In the Office - Photo: Dave Arthur

On Tower Ridge in Winter - Photo: Steve Broadbent

Your own guidebook 'Snow & Ice' came out in 2021. What were you hoping this guide could offer that other winter climbing guides don't?

When I first started winter climbing, I found that many guidebooks omitted “easy” routes entirely or offered limited detail, particularly about things like descents. In Snow & Ice, I wanted to highlight the brilliant range of lower grade routes that the UK has to offer and to inspire people to climb them, but I particularly wanted to make winter climbing as accessible as possible. I wanted to create a guide which provided all the information needed to get to a route, climb it, and descend on one page, and which was as helpful as possible to the climber.


Are there particular challenges to writing a selective guide? 

Narrowing down what goes in it! That was very tricky, and continued to change right up to the last minute. I wanted to include popular routes, but also to include lesser-known ones that are just as good. Inevitably I couldn’t include all my favourites, let alone anyone else’s, but I hope there is something for everyone.

Another challenge was that where a definitive guide focuses on one area in detail, my selection had me crisscrossing the country, chasing conditions. With limited space, it was a challenge to do justice to so many different areas. 

'Snow & Ice'

Making the First Ascent of 'Don Turquoise' (HVS, 4c), Akaltine Edge, Tafraout 
- Photo: Steve Broadbent

What are you working on at the moment?

One of the nice things about my job is that it's so varied. Since the publication of Snow & Ice, I've worked on the second edition of The Alps, A Natural Companion (by Jim Langley and Paul Gannon, which was published in June) and I'm currently nearing completion of a guide to UK dry tooling, which should be available early in 2023.


It feels like publishers are currently going through quite a tough time with the price of paper, inflation, postal strikes...etc. Do you think this difficult period will pass or does it herald wider changes for the industry? Is there anything customers can be doing to help?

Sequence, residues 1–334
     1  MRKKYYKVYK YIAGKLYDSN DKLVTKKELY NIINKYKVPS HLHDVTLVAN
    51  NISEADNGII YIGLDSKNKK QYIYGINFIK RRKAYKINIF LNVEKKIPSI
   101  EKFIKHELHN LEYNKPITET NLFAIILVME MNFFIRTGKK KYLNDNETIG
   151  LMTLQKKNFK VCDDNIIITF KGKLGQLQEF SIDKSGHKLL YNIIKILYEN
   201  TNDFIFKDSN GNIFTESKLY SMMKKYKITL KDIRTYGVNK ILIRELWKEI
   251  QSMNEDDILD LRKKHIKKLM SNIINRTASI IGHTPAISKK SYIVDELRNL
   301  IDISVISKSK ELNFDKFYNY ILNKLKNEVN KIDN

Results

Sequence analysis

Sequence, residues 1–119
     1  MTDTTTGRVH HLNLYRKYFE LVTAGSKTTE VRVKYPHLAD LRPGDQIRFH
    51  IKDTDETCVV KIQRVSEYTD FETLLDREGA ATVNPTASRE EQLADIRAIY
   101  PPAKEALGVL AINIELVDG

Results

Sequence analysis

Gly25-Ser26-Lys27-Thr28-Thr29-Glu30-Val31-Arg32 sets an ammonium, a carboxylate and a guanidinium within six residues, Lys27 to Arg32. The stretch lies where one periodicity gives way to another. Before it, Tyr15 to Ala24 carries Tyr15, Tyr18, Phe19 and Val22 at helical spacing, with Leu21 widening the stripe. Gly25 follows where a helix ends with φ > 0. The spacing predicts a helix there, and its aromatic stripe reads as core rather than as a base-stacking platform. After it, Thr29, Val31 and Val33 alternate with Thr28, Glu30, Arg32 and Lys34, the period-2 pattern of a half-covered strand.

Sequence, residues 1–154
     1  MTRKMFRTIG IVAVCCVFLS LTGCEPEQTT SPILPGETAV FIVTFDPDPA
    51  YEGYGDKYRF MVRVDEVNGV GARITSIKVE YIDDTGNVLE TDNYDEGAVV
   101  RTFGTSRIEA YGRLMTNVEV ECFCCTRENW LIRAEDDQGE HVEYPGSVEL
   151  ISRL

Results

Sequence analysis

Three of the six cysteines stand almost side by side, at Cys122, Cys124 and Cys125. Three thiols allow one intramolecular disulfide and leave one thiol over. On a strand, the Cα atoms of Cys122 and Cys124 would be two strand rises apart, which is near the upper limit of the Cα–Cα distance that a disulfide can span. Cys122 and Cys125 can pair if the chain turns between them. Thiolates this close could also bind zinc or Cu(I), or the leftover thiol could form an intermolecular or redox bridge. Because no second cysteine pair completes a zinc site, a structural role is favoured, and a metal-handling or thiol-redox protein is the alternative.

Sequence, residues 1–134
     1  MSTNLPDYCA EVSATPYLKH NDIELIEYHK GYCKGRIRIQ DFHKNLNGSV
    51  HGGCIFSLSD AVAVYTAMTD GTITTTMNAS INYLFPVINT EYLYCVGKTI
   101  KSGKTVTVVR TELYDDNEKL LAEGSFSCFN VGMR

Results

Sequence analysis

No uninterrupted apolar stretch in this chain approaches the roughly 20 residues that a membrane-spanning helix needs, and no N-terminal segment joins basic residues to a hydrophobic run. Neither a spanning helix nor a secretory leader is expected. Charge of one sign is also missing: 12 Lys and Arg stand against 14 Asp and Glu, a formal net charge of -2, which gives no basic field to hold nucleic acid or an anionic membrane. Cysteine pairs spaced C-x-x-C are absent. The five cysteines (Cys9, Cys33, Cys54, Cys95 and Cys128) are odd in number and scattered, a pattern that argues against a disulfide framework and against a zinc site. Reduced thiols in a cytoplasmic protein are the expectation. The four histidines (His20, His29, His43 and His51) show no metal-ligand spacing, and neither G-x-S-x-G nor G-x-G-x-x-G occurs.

These are certainly tricky times. The guidebook industry suffered massively during the COVID travel restrictions, and paper prices have been rocketing ever since. I think that things will stabilise; while postal strikes are hugely detrimental to sales, particularly as this is the busiest time of year for bookselling, they are a temporary issue. More generally, publishers will have to adapt. That will mean that some great books are simply not financially viable to publish so there may be less variety, but I believe that there will always be demand for high-quality books.

The most helpful thing customers can do is to buy guidebooks! And, if possible, buy them directly from the publisher so that as much of your money as possible is directly helping to pay the costs of producing the book, thus ensuring that more books will be published in the future. Pre-orders and reviews are also very helpful and are always appreciated.

Lake District Days - Local Ice Climbing - Photo: Aileen Robertson

Lake District Days - Climbing 'Free Falling' (E4, 6s) on Steel Knotts Crag - Photo: Steve Broadbent

You're based in the Lake District. How important is it to you to live in one of the UK's mountain regions?

It's incredibly important, both for my spare time and for my work life. One of the main reasons I moved to the Lake District is that I was spending a lot of time driving to and from the mountains, and I wanted to reduce that. Being based here makes it much easier to get out into the mountains and I feel very lucky to be able to do so. The Lake District is relatively central; not only is there climbing practically on my doorstep, but North Wales and Scotland are also very accessible. It would have been impossible to write Snow & Ice while I was living in Southern England, but from the Lakes I was able to snatch good weather days whenever they occurred, and the odd day-trip to Scotland made a big difference in completing the book.


You're a fairly active Twitter user (going as far as live-tweeting a route earlier this year). Is social media something you enjoy using to share your climbing or is it more of an obligation as a writer?

I feel I should say that live-tweeting a route was a one-off way of appreciating the absurdity of a very tedious situation until I could escape onto an adjacent route! One of the things I love about climbing is that it lets me get away from a screen and focus on enjoying the moment, so I'd hate social media to be a distraction from that. That said, I love talking about climbing and sharing the wonderful places that it takes me and it's hugely rewarding to hear from people who are using and enjoying my books, so I definitely don't see it as an obligation. My job can be quite solitary, but Twitter has introduced me to many fellow outdoor writers and it's lovely to be part of an online community that shares my passions.